Community legal programme helps vulnerable people during Covid-19 outbreak
A community legal outreach collaboration led by Keele University is continuing to ensure vulnerable people are supported during the Covid-19 pandemic.
The Community Legal Outreach Collaboration Keele (CLOCK) is a collaboration led by Keele University in partnership with the courts, law firms and charitable services. The project has trained Keele law students as Community Legal Companions to support families in crisis to access legal and charitable support, through signposting to the CLOCK partners, and assisting directly in court.
Although the current government advice is to stay home in order to stay safe, it is clear that home may not be a safe space for all during the lockdown. The national domestic abuse helpline, run by the charity Refuge, has reported a very substantial 700% increase in calls to the helpline recently, and traffic to its website and use of web chat facilities have increased.
During the pandemic, the CLOCK service has received requests from schools, children's services, and direct requests from vulnerable persons experiencing sexual or domestic violence. Adapting to social distancing requirements, CLOCK is continuing to help people by operating a signposting service to ensure vulnerable people are able to access the help that they need via online and phone services.
As part of the CLOCK response to the pandemic, Keele students involved with the Law in Action scheme, a community legal education module, have created a series of short videos to raise awareness of the increased risks of the lockdown such as sexting amongst children, the increased risk of homelessness for those already sleeping rough or for those seeking refuge, and the increased hardship of the travel restrictions for asylum seekers, migrants and international students. The videos also act as a signposting tool to the CLOCK partner services available to support those in need.
Dr Jane Krishnadas, Senior Lecturer in Law and Director of CLOCK, said: “Keele University founded CLOCK in 2013 and so has been very well placed to respond swiftly with local community partners to the needs of families in crisis as a result of the pandemic. Staff and students have been able to help people in need to gain access to community legal services and other support where otherwise they would struggle to do so.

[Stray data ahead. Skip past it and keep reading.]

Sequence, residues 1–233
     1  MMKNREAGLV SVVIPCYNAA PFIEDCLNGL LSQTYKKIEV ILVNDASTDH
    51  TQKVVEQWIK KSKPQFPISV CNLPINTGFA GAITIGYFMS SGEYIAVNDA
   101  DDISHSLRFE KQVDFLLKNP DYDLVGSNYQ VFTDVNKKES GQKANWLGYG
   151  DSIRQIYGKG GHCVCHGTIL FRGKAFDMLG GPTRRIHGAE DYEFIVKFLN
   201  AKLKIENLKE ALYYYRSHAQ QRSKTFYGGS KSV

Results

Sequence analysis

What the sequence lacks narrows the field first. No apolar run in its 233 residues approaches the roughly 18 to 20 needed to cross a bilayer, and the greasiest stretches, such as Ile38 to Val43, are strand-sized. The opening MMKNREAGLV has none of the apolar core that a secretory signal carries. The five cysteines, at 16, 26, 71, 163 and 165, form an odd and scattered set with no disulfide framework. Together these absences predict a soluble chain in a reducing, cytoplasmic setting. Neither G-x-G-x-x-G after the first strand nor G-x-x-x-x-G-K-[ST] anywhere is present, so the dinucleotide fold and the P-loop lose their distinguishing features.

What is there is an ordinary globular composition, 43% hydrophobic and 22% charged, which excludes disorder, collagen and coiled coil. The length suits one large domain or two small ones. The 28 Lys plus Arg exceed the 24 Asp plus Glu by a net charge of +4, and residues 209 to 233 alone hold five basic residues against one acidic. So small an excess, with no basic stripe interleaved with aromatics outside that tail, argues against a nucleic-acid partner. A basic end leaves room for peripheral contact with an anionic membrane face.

“We are always looking at how the University can develop and improve this kind of support, and this is currently focused on a potential increase in demand from those seeking refuge during the lockdown period.”
Nikki Taylor, Senior Training Manager from Savana, a sexual abuse and violence charity and CLOCK partner, said: “We have over the years been involved with CLOCK and the Law in Action students, and support the vast amount of work undertaken. As a sexual violence service it is important for us to raise awareness around the use of social media and what that can mean for a child or young person. We would like to encourage parents to be aware of who your child is interacting with whilst using social media, have open discussions, with lockdown measures in place at the moment many more are turning to social media platforms and not all will be who they seem.
Mickey Hemmings, New Era’s acting head of service, a domestic abuse charity based in Staffordshire and CLOCK partner, said: “We value the importance of the CLOCK collaboration to create awareness of the support available to local people experiencing domestic abuse and to signpost those in need to our services.
“We’re providing a wide range of services, including emotional support, practical help, as well as advice on how to stay safe and various coping strategies. As usual, we’re working with partner organisations to ensure everyone gets the support they need, including help to leave the family home if necessary.”
To apply for assistance from CLOCK and the partner organisations, please visit clock.uk.net